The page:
When it comes to child-rearing, pick your battles

March 2, 2021
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By Delilah McMasters

Mansfield Record

I’m sorry, Libby. I did you wrong.

Had I known what I know now 34 years ago things would have been different. Izzy has made me see the error of my ways. Everyone knows I have a half dozen kids. The oldest, Libby, is 34, the youngest, Izzy, is 13, 21 years between the two.

When I was 21 years old, Libby was 2 years old, and I was ignorant. I listened to other people, read magazines and took advice not asked for. She was the cutest, most well-behaved baby ever seen! The perfect little accessory. We watched “Sesame Street,” did ballet, read every night, had three meals a day and snacks —no sugar! It was educational TV and nap times. No cussing, no messing with the baby’s schedule, no sassy talk, and lots and lots of bows! All I had to do was give that sweet Miss America a look and she would yes, ma’am, me, pick up those toys or settle down!

Over the years four more babies popped out and with each one the messes and the cussing got a little worse. Nothing trashy or out of control, but definitely not of the strict guidelines I had mapped out with my first little sweetheart. I noticed “the look” had to be accompanied with a stare to get some action, and there were some occasions when a smack to the backside with my hand or the flyswatter helped matters along.

Then Izzy showed up. I had always been told about the baby in families. I knew they were spoiled, but hey, all my kids were spoiled, so I wasn’t scared! What I was was TIRED. I was worn out and my give-a-damn left for a vacation in Mexico on the beach, and unfortunately has never returned. Sponge Bob, fruit snacks, PG-13 movies — trust me, unless you point that naughtiness out, it goes right over a kid’s head! Otherwise you are never going to see an adult-themed movie the first eight years of a kids life.

Extracurriculars? Reading and learning to entertain yourself are life-long skills. As long as the bathroom stays clean and dirty clothes make it to the laundry, it’s all good. Izzy’s room is a mess, that’s on her, I’m not sleeping in there, and I’ll close the door, it’s her choice.

If she doesn’t like what I cook? Better find something, and yes, I keep lots and lots of frozen chicken and salad in the fridge, and sometimes she eats ice cream for breakfast, it’s not gonna kill her, but it might kill me if I have to have another damn discussion about a kid’s eating habits! Just keep the junk at a minimum, they will either starve or eat, it’s not rocket science, and if they have an activity they are doing, they learn real quick the junk makes them feel like crap.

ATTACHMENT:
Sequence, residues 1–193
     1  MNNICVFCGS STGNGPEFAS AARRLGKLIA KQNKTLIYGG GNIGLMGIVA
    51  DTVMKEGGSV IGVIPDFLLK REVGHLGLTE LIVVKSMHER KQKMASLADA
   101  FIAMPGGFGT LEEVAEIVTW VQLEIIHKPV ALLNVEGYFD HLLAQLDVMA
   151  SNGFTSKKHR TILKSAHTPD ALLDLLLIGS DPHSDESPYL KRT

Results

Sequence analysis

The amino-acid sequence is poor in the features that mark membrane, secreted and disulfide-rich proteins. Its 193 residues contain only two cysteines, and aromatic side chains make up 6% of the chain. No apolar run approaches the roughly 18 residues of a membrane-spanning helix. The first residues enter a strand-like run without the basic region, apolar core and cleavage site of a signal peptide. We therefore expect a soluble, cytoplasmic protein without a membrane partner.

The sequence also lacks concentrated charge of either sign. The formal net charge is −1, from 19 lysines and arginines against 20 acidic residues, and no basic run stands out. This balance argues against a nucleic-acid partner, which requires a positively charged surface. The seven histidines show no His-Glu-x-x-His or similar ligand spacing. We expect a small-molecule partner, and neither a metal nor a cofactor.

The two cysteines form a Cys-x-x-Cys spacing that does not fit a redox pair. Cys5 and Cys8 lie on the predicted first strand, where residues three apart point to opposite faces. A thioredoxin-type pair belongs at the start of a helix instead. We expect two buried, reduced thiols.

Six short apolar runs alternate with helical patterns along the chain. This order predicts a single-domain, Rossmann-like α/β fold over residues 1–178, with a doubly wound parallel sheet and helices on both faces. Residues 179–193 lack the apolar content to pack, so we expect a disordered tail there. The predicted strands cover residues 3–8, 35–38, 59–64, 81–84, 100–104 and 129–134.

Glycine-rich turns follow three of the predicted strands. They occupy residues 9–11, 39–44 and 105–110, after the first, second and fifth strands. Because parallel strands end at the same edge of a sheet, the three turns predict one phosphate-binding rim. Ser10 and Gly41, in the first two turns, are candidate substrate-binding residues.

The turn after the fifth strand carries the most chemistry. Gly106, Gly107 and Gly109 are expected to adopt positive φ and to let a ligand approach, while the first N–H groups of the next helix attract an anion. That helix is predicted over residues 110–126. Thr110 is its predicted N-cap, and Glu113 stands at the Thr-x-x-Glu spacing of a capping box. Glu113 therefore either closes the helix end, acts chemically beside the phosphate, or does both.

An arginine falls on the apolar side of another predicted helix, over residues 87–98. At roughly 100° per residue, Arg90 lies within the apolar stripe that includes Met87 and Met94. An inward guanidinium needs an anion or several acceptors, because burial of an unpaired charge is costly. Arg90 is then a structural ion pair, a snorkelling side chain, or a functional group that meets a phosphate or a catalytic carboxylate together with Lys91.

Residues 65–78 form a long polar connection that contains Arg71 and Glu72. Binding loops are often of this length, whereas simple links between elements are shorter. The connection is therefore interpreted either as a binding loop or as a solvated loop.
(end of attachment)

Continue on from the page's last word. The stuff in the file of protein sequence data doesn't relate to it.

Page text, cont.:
Bows? Hahahahaha! Noooo, blue hair or a shaved head is the norm! The one thing I wished still worked is “the look,” it was like magic with those five older kids, but with Izzy it’s “Why are you looking at me like that? Stop, just say it or I’m going to my room!” Really isn’t that a win-win for both of us, it still kind of gets the same results, right?  But then she purses her lips and looks right back at me and yeah, I know those other kids would have had their arm ripped off and been beat with it, yet, I get amused and try to hug her instead.

The one thing Izzy does that takes me by surprise is flat-out tell me, “No.”

Did you clean your room? No

Will you unload the dishwasher? No.

Did you tell me no? No, well yes, I’ll do it, but not now. Tell Lila or Nic to do it.

This is not even said with an attitude or disrespect, it’s just nonchalant, nah, it’s OK, Mom, not feeling it. And I let it happen 70 percent of the time, because, sometimes you just don’t feel like it and I get it, it’s not that important in the big scheme of things.

There are things I thought were important that turned out to be overrated. Dessert should not be eaten last. A limited diet of chicken, potatoes and salad isn’t going to stunt anyone’s growth. They grow up and they will eat the siding off the house!

You can be the biggest brat in this house, but when you walk out those doors you better act like I raised you right. Morals, sense of humor, personal hygiene, intelligence, common sense — all of my kids have these things in common, they have good spirits. They all push boundaries in their own ways. Izzy just doesn’t see boundaries, she sees wrong and right and lots of opportunity.

Delilah McMasters is a local resident and the mother of six. Reach her at BlessYourHeart76063@gmail.com

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